Oyster reefs attract some of the highest densities of fish of any type of habitat in the Bay, helping to sustain vibrant recreational fisheries.
How it is done: Spat (baby oysters) and cages, delivered in late August or
A DNR Oyster cage
September, are placed under Fishing Creek boardwalk, or under participant's private piers. After growing for 9-10 months the yearling oysters are ready to be planted on local oyster reefs by CBOCS participants, and then the cycle begins anew.
Time Commitment: Approximately two half-days during summer, by all CBOCS participants, to: 1) help refill oyster gardens with new spat on shell, and 2) remove yearling oysters from cages and plant them on local reefs. We'll also need help in early spring and late fall to help weatherize the BOCSes under the boardwalk. There are other opportunities to help out as well throughout the year by serving on a CBOCS committee (See Committees link above.).
General Schedule of Activities
Yearling oysters planted on local oyster reefs.
Spat on shell delivered. Oyster cages refilled and deployed to boardwalk and private piers.
Who can participate? CBOCS is a volunteer organization sponsored by the Town of Chesapeake Beach. Everyone is welcome to participate, especially the residents, students and businesses of Chesapeake Beach.
How can you help? Register to participate! Individuals, families, businesses and organizations can offer their time and/or agree to sponsor a BOCS to grow oysters. You can grow oysters from your pier, using a self-cleaning Bouyant Oyster Cultivation System (BOCS) or a Marylanders Grow Oysters (MGO) cage, and help plant them in local oyster reefs. Don’t have a pier or water access? That’s okay. The town will provide growing space below the Railway Trail boardwalk in Fishing Creek.
Types of Oyster Cages -- There are two types of cages that are used by CBOCS participants to grow oysters. They are:
Buoyant Oyster Cultivation System (BOCS)
Only BOCS may be used along Fishing Creek boardwalk.
May be used along private piers as well.
Not suitable for open Bay piers due to wave action.
Cost: $500, plus $30 tax. The $500 is eligible for full tax credit on Maryland taxes. After the tax credit the real cost to you is $30. MD tax credit form
The Town is also exploring grant options to purchase BOCS cages.
Must be weatherized twice per year (late fall and early spring; ~20 min/unit/occasion)
MGO oyster cage (rectangular, 12”x12”x18”)
Suitable for use on private piers, not on Fishing Creek boardwalk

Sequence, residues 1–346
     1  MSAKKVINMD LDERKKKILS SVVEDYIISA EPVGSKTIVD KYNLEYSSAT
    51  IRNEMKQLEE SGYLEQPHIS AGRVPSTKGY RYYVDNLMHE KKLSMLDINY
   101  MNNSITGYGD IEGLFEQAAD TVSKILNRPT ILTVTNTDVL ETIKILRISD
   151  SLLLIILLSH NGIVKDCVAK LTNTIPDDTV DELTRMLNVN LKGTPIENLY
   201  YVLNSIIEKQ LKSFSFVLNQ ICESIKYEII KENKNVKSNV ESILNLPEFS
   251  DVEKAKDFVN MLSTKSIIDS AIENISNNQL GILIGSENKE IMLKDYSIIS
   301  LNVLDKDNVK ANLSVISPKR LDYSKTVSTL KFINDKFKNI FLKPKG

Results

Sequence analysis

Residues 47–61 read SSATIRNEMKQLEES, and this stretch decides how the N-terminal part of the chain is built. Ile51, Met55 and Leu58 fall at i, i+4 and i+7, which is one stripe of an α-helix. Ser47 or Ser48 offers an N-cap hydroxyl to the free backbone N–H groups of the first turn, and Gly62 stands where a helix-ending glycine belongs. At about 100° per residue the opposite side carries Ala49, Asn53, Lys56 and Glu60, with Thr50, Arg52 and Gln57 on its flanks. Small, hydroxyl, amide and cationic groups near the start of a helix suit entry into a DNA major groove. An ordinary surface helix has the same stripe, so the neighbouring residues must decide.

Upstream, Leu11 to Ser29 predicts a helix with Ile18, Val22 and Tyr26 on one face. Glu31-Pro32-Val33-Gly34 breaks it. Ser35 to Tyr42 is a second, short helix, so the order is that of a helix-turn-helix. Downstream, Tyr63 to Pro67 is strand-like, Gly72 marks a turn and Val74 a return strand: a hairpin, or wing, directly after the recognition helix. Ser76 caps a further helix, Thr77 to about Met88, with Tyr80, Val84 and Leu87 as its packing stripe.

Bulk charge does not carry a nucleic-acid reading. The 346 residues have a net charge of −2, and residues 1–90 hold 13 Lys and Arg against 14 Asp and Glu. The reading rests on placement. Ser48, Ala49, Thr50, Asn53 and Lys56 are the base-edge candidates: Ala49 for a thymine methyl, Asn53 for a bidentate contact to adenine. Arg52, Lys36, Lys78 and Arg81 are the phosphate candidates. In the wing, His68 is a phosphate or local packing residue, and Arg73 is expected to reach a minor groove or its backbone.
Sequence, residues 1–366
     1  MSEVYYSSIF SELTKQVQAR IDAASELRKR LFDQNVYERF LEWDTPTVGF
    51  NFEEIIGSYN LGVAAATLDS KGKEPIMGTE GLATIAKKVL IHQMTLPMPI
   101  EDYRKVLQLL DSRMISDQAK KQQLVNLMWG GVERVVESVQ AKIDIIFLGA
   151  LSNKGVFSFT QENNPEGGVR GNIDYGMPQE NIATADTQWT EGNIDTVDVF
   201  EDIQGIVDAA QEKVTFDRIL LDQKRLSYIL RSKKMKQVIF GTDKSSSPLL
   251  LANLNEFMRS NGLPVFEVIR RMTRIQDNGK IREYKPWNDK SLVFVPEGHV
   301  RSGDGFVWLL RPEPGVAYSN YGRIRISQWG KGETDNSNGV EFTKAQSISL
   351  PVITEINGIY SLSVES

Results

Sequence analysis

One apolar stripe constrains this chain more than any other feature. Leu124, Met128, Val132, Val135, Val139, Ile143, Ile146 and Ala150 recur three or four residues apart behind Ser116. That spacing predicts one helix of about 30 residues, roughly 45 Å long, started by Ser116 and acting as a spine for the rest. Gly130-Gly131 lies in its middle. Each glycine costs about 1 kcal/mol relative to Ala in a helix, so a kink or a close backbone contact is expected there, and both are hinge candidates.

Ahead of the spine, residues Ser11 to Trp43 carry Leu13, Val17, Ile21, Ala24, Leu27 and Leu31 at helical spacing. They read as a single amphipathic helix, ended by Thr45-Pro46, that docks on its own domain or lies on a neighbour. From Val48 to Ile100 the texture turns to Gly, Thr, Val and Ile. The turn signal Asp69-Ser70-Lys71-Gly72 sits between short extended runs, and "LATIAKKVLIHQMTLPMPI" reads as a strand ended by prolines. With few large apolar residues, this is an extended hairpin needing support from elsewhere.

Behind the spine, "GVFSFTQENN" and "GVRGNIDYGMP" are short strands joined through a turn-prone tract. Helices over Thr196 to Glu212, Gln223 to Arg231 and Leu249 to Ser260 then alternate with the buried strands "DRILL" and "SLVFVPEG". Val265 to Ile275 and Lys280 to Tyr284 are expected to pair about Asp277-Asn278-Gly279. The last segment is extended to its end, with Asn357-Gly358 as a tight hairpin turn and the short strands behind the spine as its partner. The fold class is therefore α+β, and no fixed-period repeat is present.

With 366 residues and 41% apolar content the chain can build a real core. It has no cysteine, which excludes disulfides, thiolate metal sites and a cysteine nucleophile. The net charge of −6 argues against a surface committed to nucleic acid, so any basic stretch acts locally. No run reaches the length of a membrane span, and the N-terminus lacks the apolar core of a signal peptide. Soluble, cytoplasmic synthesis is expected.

Suitable for open waters, such as Bay piers.
Cages must be manually shaken once per week to remove silt from spat.
Local CBOCS Sponsors -- The following local businesses, schools and associations have generously sponsored the purchase of Buoyant Oyster Cultivation Devices (BOCSes) for use in the program:
Beach Elementary School
Richfield Station Homeowners Association
The Bay Business Group
Chesapeake Beach Garden Club
Chesapeake Station Homeowners Association
In addition, CBOCS secured a grant from the Chesapeake Bay Trust for the purchase of four BOCSes.
Frequently Asked Questions (FAQs)
What are spat? Spat is a life stage of the oyster during which they transition from mobile larva to “fixed” organisms attached to hard surfaces where they continue to grow into mature oysters.
Where are the spat grown? The spat are grown in cages for 9-10 months from your pier, or below the Railroad Trail boardwalk in Fishing Creek if you do not have a pier.
Where are yearling oysters released? The yearling oysters will be released in designated oyster sanctuaries under the guidance of the Maryland Department of Natural Resources (DNR). A suitable planting site has already been identified in the Bay just offshore from Chesapeake Beach; the location is known as Old Rock. CBOCS is also exploring Fishing Creek planting options. However, oysters must be planted on a hard substrate or their likelihood of survival is very small. So given Fishing Creek’s muddy bottom, it is unclear at this time if a suitable solution will be found to allow oysters to be planted there.
Do I need to purchase a BOCS, or have a pier to participate? No. There are a variety of ways to participate in CBOCS without purchasing a BOCS or having a pier. Primarily we need people willing to donate their time and energy to help maintain the program. For example, we need your help receiving and deploying spat in the fall, planting yearling oysters in the spring, weatherizing BOCSes annually, or there are a variety of committees to help out with as well.
Are there any schools involved in CBOCS? Yes. Beach Elementary School is an active partner in CBOCS and is currently incorporating aspects of oyster restoration into their environmental curriculum for fifth graders.
For more information on oyster gardening and restoration, visit these sites:
Southern Maryland Oyster Cultivation Society (SMOCS): www.smocs.org
DNR’s Marylanders Grow Oysters (MGO): www.oysters.maryland.gov
Chesapeake Bay Foundation (CBF): www.cbf.org
Marylanders Grow Oysters -- oyster care flier
Contact CBOCS: CBOCS@chesapeake-beach.md.us